In announcing his plans to retire in 2005, Achzet said Rogers had been groomed to replace him from the time Rogers was hired.

"If there was grooming to be done, I wasn’t made aware of that from the onset," Rogers says. "I think Russ and I clicked very quickly. Within a matter of months, we started to work really closely together.

"Russ is a great sales and service guy, and I was a guy who focused on the organizational design and what we needed to do to grow the business. We functioned really well together. I had a desire to continue to move on within the organization, and he trusted me and respected my abilities."

Even with his corporate responsibilities, Rogers retains a handful of clients.

"I think it’s important to maintain client relationships in some regard," he says. "You don’t have a ton of time for it, but there’s no better way to get a pulse for what’s going on than to talk to clients about what their fears and aspirations are."

AM&M targets three markets, the largest of which is wealthy individuals, Rogers says. The others are executives of large corporations and owners of successful businesses.

"There are more high-net-worth individuals relative to the other two categories, and the other two categories turn into high-net-worth individuals when their careers end," Rogers says.

Behind the deal
The acquisition of AM&M by Tompkins was arranged to satisfy an exit strategy for Achzet and President William Welch, the company’s other primary shareholder. It was initiated by an attorney who worked with both AM&M and Tompkins.

"We had not even decided what we were going to do at AM&M when our attorney came to us and said there’s somebody out there that might be interested in buying," Rogers says. "We were just trying to figure out how we were going to help Russ and (Welch) liquidate their investment here.

"After we talked to the Tompkins people-Jim Fulmer was right at the front of that-we never even looked at another suitor."

Rogers downplays his role in the deal, saying the vision of executives at Tompkins was the reason for the successful transaction.

"The credit belongs to that group that saw a company that wasn’t exactly like what they were doing but saw how it could fit and serve their clients and our clients better," Rogers says.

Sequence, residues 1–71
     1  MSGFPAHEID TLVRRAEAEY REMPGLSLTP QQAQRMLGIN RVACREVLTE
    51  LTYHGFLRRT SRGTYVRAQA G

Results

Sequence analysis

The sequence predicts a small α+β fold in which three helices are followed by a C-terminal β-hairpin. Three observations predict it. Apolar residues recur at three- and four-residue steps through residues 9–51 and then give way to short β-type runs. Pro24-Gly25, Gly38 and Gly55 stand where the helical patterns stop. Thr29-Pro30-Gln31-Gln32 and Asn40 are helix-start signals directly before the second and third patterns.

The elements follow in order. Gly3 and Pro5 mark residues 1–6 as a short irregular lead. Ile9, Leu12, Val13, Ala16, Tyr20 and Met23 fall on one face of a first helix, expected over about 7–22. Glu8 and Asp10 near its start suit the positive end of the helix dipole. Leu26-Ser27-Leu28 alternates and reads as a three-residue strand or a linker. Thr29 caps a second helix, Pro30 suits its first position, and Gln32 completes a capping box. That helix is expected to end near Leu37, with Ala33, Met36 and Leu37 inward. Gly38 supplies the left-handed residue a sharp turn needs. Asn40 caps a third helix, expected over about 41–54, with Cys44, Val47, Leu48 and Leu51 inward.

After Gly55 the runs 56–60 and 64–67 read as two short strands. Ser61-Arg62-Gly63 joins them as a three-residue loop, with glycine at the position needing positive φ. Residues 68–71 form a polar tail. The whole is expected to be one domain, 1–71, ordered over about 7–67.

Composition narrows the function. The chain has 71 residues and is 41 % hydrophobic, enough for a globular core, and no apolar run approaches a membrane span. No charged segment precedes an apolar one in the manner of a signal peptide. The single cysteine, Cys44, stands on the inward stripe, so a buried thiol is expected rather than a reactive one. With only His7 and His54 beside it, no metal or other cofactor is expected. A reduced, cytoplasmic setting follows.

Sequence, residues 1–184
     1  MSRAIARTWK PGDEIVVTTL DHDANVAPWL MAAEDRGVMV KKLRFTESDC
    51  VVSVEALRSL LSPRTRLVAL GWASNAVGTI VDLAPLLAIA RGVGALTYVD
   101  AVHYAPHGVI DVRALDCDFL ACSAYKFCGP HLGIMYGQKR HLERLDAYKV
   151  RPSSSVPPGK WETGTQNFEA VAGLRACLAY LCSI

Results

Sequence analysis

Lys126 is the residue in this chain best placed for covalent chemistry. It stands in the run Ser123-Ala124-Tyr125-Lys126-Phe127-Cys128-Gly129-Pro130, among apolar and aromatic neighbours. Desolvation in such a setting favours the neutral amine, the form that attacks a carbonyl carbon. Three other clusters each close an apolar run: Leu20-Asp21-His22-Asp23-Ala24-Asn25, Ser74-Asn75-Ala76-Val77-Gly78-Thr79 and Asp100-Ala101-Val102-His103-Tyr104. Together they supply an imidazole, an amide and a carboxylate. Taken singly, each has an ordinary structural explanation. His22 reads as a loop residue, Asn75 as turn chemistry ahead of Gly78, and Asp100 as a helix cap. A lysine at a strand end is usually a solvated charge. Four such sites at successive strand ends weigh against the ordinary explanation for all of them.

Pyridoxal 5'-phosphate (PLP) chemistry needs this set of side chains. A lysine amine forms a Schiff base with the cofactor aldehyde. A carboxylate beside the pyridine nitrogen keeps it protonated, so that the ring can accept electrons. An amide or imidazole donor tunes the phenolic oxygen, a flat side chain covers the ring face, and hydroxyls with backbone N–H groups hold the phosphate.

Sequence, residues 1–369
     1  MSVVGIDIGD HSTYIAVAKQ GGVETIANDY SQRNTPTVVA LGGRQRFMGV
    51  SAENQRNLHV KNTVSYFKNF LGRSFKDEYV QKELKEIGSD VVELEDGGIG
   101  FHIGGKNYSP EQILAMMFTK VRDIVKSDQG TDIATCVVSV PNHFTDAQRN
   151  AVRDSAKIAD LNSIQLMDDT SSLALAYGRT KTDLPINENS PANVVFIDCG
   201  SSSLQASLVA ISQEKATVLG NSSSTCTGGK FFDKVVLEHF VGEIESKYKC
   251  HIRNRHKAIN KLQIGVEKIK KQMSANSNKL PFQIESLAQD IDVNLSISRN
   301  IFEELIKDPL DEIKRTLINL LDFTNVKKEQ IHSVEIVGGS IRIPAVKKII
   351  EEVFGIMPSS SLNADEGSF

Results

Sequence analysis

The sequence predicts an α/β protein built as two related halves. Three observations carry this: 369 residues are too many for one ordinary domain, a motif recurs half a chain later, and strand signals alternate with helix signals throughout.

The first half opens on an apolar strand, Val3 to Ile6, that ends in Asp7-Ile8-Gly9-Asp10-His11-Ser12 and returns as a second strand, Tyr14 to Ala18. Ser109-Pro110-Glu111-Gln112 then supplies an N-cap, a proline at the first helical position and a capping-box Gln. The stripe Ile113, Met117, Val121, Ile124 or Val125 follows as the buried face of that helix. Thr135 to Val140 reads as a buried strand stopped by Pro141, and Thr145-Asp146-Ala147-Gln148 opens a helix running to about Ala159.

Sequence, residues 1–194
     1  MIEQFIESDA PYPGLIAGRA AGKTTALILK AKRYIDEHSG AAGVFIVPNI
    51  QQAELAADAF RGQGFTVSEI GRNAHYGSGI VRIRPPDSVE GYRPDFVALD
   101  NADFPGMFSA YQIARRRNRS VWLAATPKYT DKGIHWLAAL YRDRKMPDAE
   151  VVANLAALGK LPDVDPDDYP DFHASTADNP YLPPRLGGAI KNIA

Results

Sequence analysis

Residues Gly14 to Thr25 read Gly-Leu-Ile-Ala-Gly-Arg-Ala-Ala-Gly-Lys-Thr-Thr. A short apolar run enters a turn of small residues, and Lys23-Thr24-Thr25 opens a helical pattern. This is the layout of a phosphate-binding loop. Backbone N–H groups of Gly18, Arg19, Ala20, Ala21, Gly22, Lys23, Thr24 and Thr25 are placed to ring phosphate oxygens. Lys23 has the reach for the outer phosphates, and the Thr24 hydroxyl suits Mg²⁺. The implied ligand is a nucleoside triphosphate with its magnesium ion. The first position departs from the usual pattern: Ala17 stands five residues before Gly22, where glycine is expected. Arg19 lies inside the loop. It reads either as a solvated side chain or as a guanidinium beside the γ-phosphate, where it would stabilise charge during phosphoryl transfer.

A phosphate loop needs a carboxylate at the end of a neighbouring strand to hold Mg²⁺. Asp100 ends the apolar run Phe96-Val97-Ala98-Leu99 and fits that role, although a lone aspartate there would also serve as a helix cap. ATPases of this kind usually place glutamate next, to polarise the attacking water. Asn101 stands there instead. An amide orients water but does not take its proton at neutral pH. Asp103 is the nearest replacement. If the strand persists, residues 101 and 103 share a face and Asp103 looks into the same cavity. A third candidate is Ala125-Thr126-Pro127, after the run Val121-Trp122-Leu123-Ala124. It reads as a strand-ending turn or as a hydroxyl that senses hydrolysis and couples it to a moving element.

In addition to being the holding company for AM&M, Tompkins is the parent of the Bank of Castile, which has 11 offices in the Rochester market, and of Tompkins Trust Co. and Mahopac National Bank branches in New York.

Tompkins, whose corporate offices are in Ithaca and whose assets total $2.7 billion, also is the holding company for Tompkins Insurance Agencies Inc., whose headquarters are in Batavia.

"When we were acquired, one of the things they commented to us from the onset was ‘We don’t know how to run a business like yours, and we don’t expect to,’" Rogers says. "They expected us to continue to run our business.

"By doing that, all of our people, who were initially concerned-as you would expect they would be in an acquisition situation-couldn’t be happier to be with an organization like Tompkins. That’s not the case in a lot of acquisitions."

Tompkins has incorporated some of AM&M’s best practices, Rogers says.

"We account for less than 5 percent of their total revenue, but they adopted much of our investment philosophies," he says. "We have started to bring our investment organizations together, and we’re given an equal seat at that table. They adopted some of our human resource policies.

"It seems like a small thing, but they were completely open to accepting that, as small as we were, we might be doing some things even better than we were."

AM&M’s focus is on its clients, Rogers says.

"What kind of experience is our client having with us?" he asks.

The company measures that in a variety of ways, some of which are common, such as surveys, and others uncommon.

"We have a client insight process, where we’ll sit in a client’s office or at their home with them for a few hours, talking about what’s affecting them so we can understand and better tailor our services," he says.

The firm has an advisory board of clients and non-clients that provides feedback to its leaders. Richard Ottalagana, a former chief operating officer at Paetec Holding Corp., is on that board.

"Tom is a leader," Ottalagana says. "Cream rises. There are some people that have that ‘it’ factor, and I truly believe Tom has that. It’s not because there are not a lot of smart people out there. But Tom is so receptive to ideas and suggestions and con-structive criticism."

Ottalagana and Rogers have known each other for 10 years. Rogers describes Ottalagana as a mentor.

"He and I just hit it off," Ottalagana says. "He asked me to be on his advisory board. Through that advisory board I have gotten to work with Tom. He really takes to heart the comments and advice he’s getting from the advisory board, me in particular."